Data analysis is performed by using the selected articles for within- and cross-case analysis (Miles and Huberman 1994 ). In this review, the cases are the articles included. The first step of analysis is to order the extracted information in a meta-matrix (see " Appendix A ") that presents all relevant condensed data for each case or article separately (Miles and Huberman 1994 ). If no explicit statements are found, information is added by using the within-case analytic strategy of ‘overreading’ (Ayres, Kavanaugh and Knafl 2003 ). For instance, for a study that counted specific concept map characteristics but did not describe the method of analysis any further, the method of analysis was described as quantitative analysis. To prepare data for cross-case analysis, different labels for the same aspect are unified. For instance, ‘counting nodes’ is relabeled as ‘number of nodes.’
The second step entails coding the selected statements concerning the research object, research design, methods of analysis, concept map characteristics, and conclusions drawn in the articles, using a cross-case analysis approach. Preliminary coding of statements concerning methods of analysis is based on the way studies refer to their method of analysis. However, the same term was sometimes used to refer to more than one analysis method, while in other cases, multiple terms were used to refer to a single method. Thus, the designation of clusters based on how the studies referred to their methods of analysis proved inconclusive and ambiguous.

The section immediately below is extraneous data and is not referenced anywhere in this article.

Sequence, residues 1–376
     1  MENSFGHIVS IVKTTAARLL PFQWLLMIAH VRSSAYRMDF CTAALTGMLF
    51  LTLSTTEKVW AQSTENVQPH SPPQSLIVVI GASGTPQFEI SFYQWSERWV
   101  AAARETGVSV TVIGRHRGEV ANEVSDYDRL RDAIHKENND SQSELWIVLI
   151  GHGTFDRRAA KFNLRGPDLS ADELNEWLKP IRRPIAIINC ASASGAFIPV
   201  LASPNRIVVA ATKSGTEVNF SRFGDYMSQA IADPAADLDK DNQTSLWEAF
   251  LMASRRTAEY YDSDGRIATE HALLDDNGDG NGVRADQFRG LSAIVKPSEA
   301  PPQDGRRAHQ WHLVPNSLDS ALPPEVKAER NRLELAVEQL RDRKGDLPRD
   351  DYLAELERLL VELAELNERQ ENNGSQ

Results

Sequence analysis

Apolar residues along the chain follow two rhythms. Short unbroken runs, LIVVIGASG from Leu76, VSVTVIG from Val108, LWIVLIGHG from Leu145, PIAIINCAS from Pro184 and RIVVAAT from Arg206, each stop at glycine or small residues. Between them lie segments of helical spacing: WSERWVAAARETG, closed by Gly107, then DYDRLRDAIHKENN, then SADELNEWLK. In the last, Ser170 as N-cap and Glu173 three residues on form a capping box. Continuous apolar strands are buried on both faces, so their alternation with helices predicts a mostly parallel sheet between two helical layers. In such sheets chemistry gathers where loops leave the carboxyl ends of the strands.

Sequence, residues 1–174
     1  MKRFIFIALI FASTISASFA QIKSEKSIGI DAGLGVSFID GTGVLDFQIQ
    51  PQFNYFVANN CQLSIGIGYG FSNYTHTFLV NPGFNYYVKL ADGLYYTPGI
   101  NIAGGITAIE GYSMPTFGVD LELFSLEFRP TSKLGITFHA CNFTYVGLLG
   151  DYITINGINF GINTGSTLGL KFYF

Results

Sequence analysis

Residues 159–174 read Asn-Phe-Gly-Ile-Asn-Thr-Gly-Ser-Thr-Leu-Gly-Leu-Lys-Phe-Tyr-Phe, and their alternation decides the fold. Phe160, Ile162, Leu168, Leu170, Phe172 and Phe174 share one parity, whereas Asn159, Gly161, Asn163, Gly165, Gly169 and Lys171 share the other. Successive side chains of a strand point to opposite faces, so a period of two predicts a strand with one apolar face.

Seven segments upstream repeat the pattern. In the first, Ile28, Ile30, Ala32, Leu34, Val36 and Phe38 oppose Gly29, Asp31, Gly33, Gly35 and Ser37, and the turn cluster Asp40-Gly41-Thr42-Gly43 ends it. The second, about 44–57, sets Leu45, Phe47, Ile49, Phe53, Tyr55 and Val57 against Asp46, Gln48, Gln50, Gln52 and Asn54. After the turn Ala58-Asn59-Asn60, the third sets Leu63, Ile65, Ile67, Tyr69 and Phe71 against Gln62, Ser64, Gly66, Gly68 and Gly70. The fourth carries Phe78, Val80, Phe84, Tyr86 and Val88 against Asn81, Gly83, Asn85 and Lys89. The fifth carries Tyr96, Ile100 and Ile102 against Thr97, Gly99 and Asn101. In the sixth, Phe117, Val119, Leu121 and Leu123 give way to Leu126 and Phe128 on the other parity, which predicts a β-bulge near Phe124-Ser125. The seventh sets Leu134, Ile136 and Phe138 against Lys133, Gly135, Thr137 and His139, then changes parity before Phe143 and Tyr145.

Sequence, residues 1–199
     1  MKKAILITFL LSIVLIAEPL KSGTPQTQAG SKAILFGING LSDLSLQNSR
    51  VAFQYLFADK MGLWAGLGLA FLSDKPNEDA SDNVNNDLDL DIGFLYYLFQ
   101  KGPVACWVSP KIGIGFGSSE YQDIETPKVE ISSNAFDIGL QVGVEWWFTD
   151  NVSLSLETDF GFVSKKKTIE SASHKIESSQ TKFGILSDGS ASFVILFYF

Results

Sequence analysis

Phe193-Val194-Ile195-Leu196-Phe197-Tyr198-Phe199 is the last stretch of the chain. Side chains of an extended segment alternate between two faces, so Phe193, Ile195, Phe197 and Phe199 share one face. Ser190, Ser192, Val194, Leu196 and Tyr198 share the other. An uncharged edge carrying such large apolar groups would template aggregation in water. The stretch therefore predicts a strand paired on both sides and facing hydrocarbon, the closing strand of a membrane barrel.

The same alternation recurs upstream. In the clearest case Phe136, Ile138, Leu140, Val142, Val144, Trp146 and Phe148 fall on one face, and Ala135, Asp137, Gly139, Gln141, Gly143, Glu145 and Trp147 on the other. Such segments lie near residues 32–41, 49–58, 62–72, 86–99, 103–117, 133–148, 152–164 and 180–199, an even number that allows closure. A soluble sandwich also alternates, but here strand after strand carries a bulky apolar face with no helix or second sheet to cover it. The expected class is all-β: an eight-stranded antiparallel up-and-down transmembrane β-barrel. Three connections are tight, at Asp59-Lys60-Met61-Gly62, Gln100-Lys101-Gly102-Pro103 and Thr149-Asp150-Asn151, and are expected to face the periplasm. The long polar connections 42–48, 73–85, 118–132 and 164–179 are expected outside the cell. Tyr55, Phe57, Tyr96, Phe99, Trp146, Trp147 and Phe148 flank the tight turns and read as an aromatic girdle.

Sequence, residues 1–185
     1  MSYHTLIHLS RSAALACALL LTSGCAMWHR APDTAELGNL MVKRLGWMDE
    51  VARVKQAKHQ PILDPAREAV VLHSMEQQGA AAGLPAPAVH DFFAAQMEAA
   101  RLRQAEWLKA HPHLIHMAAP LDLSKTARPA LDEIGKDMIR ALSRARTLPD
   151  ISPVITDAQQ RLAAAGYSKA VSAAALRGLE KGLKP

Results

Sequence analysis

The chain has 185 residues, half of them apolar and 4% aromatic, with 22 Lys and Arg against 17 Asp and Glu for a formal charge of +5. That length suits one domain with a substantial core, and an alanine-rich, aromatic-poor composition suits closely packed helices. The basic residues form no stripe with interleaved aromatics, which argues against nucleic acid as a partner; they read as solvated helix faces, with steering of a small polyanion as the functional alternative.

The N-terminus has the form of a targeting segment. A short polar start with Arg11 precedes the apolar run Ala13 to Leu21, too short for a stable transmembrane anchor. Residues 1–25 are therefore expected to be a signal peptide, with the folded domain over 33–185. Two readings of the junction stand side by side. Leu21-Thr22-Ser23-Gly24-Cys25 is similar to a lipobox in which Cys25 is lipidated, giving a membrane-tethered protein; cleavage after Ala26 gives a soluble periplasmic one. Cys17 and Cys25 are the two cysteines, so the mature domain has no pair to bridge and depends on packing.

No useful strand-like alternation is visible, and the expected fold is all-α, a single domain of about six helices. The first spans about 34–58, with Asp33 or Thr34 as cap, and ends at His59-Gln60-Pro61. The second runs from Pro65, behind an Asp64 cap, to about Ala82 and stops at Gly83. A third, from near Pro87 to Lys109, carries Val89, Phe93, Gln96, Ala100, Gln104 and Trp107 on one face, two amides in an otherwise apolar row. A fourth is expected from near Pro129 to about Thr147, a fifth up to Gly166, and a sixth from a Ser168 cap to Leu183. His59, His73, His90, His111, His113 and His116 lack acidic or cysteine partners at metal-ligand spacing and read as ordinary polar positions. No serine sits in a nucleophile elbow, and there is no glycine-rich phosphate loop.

Different distinctions between methods of analysis are found in the literature. For example, in the review by Anohina and Grundspenkis ( 2009 ) the use of an expert’s map is one choice, as well as the choice for quantitative or qualitative analysis and structural or relational analysis, to make a distinction between methods of analysis. In the review by Strautmane ( 2012 ), the criteria for similarity analysis, e.g. “proposition similarity to expert’s CM”, or “convergence with expert’s CM”, are described as separate criteria. Also in the review by Ruiz-Primo and Shavelson ( 1996 ), comparison with a criterion map, is described as a separate method of analysis. In this review, the distinction between quantitative, qualitative, similarity and holistic analysis is chosen, as these methods of analysis consider the concept map characteristics distinctively and they are based on different principles and theoretical assumptions. Holistic analysis is a separate method of analysis, as it is based on a rubric, and similarity is a separate analysis, as it is based on a reference map. Moreover, these four methods of analysis lead to different types of conclusions, and are therefore considered as distinctive ways to analyze and interpret data from concept maps. In conceptual terms, these four methods of analysis are mutually exclusive, as they estimate the concept map characteristics differently. However, when applied to analyze data, they can be combined: similarity analysis compares concept maps to a reference map, either qualitatively or quantitatively.